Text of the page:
Hepatitis E Response in Refugee Settings (UNHCR, 2015)

This brief is intended to highlight key elements of an effective response to an outbreak of hepatitis E virus (HEV) infection in refugee setting. It focuses on specific response actions, including the review of common risks associated with health, water, sanitation, and hygiene (WASH). The overall implementation of response actions and mode of operation should be context specific, as highlighted by the examples given from Dadaab (Ifo) Kenya and South Sudan.

Water Quality Study in Refugee Operations (UNHCR and SMU, 2011)

The SMU team conducted five sampling missions to UNHCR refugee camps in Uganda, Kenya, Bangladesh, Djibouti, and Liberia. Overall, these missions were considered a success with 17 camps, 7 villages, and a few additional sites visited. The team collected 213 camp samples and 229 total samples for analyses in the laboratory. Camp conditions and source water characteristics varied widely amongst the five countries but also within the camps themselves.

Sustainable Groundwater Management for Refugee Camps in Dadaab, Kenya (UNHCR and Université de Neuchâtel, 2013)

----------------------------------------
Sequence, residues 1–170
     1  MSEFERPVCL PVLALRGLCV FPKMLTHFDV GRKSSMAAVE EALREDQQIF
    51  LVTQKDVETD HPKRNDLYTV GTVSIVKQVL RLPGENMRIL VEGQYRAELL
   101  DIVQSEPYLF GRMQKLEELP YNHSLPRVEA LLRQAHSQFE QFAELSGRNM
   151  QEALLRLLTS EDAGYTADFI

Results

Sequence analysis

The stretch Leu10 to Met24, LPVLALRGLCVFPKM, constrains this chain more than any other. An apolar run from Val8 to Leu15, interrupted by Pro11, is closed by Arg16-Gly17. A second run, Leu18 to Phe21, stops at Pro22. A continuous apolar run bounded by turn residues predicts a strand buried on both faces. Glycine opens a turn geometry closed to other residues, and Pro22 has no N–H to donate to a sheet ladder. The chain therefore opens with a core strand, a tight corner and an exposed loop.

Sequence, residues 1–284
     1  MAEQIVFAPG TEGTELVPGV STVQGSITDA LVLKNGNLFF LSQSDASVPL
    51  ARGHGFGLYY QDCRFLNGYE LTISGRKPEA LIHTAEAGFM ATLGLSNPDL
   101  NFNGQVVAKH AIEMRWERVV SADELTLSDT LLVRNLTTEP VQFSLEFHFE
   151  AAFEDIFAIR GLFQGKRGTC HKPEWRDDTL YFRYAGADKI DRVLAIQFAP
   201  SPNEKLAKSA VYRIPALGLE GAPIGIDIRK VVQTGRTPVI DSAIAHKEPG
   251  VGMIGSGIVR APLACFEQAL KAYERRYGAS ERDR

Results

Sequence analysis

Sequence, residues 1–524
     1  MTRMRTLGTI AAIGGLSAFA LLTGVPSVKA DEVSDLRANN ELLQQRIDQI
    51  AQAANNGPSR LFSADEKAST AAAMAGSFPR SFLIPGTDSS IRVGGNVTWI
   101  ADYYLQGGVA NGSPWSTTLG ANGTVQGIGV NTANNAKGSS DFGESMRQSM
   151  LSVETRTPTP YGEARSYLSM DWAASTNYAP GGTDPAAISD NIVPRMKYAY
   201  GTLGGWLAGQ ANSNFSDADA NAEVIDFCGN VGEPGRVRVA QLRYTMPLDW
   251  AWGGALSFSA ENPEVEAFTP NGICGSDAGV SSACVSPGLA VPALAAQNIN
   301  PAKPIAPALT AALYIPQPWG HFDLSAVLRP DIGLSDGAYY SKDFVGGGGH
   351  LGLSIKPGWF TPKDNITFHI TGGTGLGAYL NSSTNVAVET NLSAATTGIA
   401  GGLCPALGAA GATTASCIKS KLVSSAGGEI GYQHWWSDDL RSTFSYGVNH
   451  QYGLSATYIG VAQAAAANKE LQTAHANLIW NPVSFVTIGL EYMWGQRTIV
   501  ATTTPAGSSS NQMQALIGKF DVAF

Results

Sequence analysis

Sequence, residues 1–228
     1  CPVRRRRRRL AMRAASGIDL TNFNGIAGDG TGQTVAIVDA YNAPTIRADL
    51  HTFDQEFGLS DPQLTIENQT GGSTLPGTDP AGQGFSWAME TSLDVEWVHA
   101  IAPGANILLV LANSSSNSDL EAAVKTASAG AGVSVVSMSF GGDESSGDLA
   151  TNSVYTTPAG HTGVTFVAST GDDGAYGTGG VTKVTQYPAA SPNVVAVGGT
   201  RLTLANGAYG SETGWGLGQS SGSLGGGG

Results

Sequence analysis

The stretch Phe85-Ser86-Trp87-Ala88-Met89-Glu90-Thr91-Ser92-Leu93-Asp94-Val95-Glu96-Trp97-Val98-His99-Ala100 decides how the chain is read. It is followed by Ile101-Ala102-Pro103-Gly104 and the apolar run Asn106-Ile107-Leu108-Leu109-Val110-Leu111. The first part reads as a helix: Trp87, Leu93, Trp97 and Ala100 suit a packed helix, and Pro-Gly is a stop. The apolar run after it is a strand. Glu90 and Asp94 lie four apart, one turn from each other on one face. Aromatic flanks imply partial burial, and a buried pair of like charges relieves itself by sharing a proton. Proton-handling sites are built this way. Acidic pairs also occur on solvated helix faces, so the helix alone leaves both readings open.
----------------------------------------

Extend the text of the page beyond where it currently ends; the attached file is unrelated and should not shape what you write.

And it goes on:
Close to half a million refugees live in Dadaab, Kenya and rely on groundwater from the Merti Aquifer. Preliminary hydrogeological mapping indicates over exploitation of the fresh water aquifer could result in salt water intrusion, which would put the security of water supply for the refugee camps and host population at risk. UNHCR together with University of Neuchâtel has embarked on a comprehensive study of the Merti Aquifer including remote monitoring, and numerical modelling of the aquifer in order to develop a sustainable groundwater management plan for the aquifer which supplies water to all the refugee camps in Dadaab, Kenya.

Water Safety Plan for Dadaab Refugee Camps (CDC, 2009)

Water safety plan produced by CDC following a technical support visit to Dadaab in 2009. The report contains: An overview of Dadaab water supply system; Identification of hazards and risks; Control measures and prioritisation of risks; Sanitation and hygiene; and Conclusions.